Today was another busy day! We were up at 6:15 again, and headed on the road to Delphi, in northern Greece by mid-morning. The bus ride to Delphi is almost 3 hours, so Tim and I caught some much needed cat-naps on both the ride up and the ride back. 🙂
The drive to Delphi that we were awake to see was really lovely, including a stop in Arachova, a small little village at the base of Mount Parnassus. The guide told us that the town is much more lively during the winter when Greeks come in droves to ski. Many of the nooks and crannies reminded me of pictures I’ve seen of little Swiss villages.
When we arrived in Delphi, we first visited the museum to learn more about the site before we headed there. I think the guide said the site was first developed around the 4th century B.C., and was in continual use until a Byzantine emperor declared Christianity the official religion and closed all the temples in the 2nd century A.D. Amazing to think of the hundreds of years it was in operation! The site housed the Oracle of Delphi, a building where people from all over Greece came to have their questions answered. It sounds like an early version of a Magic 8-ball. People came, stood in line for days or weeks, and were finally admitted to the Oracle. Two men stood in one room with the person who had the question, while in another room, not visible to anyone, a woman sat on a three-legged stool in a sort of ecstasy brought on by what archaeologists think was petrol fumes seeping from underground. The person asked the question, the woman said something barely understandable by the person, the two men wrote down the response from the woman, and you had your answer… or not. The answers were often written so they could be interrupted multiple ways. In this way, the prediction was never wrong…
The Oracle is no longer visible at the site; there are still some remaining columns from the Temple of Apollo, the Athenian treasury, and some Roman-era shops. This is pretty amazing considering that the entire site was buried under the village of Delphi until the 1800s when archaeologists helped relocate the town so they could dig down and uncover the remains of the temple area.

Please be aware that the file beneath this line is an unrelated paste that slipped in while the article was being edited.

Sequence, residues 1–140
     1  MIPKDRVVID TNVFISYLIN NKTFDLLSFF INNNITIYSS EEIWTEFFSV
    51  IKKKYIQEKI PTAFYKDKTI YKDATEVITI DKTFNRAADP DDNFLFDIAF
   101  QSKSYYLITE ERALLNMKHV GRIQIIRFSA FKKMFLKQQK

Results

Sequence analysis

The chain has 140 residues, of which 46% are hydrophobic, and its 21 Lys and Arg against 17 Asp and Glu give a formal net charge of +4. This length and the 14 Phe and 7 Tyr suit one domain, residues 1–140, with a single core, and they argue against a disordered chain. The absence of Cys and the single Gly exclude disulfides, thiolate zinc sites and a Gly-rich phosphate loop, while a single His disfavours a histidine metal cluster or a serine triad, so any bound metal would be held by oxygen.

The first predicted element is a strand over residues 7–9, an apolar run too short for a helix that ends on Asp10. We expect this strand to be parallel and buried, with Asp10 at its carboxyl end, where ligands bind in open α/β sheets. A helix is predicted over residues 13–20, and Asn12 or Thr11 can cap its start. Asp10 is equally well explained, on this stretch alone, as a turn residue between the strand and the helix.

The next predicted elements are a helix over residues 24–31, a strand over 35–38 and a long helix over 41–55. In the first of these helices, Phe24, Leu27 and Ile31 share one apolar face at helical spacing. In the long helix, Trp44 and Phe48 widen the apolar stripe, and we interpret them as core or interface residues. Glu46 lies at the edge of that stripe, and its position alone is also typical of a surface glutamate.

You can also see the theater and stadium that were used there. The stadium was quite a jaunt up a steep incline, but Tim said we may only be there once, so we hoofed it up there. Unlike the rest of the site, there was at least a little shade and a cool breeze to reward us for the climb. It was yet again hot as Hades, and I was dripping sweat by the time we got back on the bus to head to lunch.
The tour group we were with all had lunch together at a hotel in Delphi. We were seated at a table with a couple from Morgantown, WV (small world!) who were celebrating their 30th wedding anniversary. They were so kind, especially compared to the group of pushy Tunisians (who literally pushed or forced me out of their way a few times) and the girl from LA who, upon learning that Tim and I live in Indiana, commented that Greece must be really different from Indiana–a kind of “You’re not in Kansas anymore, little corn-fed country people” comment. Thank goodness for Sarah and Steve for restoring our faith in humanity (though we aren’t surprised… people from West Virginia are pretty great!).
At the end of the long day of riding and touring, our tour bus dropped us off at Syntagma (Constitution) Square just in time for the changing of the guards at the tomb of the unknown soldier. We’d seen this a few times from the bus, but decided to watch the whole thing from the square. The first time we saw them, on Sunday, they had on beautiful white uniforms very similar to the ones they had on today. The skirts they wear have 400 pleats to represent each year that the Ottomans occupied Greece–and the evzones (guards) have to steam iron each pleat themselves. This is a pretty cushy job, though, as the soldiers deemed the right height, with attractive faces and good moral qualities, get more food, better lodging, and no chance of military deployments. The greatest challenges these guys face are similar to the Queen’s guard in London. No flinching or reaction of any sort is allowed, despite the best efforts of tourists taking pictures with them.
After the changing of the guards, we milled around Plaka and found a neat little restaurant on one of the side streets for dinner. We both had souvlaki, though Tim’s was traditional with a pita shell, and mine came with salad.
Yet again we got back to the hotel late, and despite his earlier naps, this is how I found Tim after I got out of the shower:
We head to Hydra tomorrow on a ferry. Our first Grecian island experience!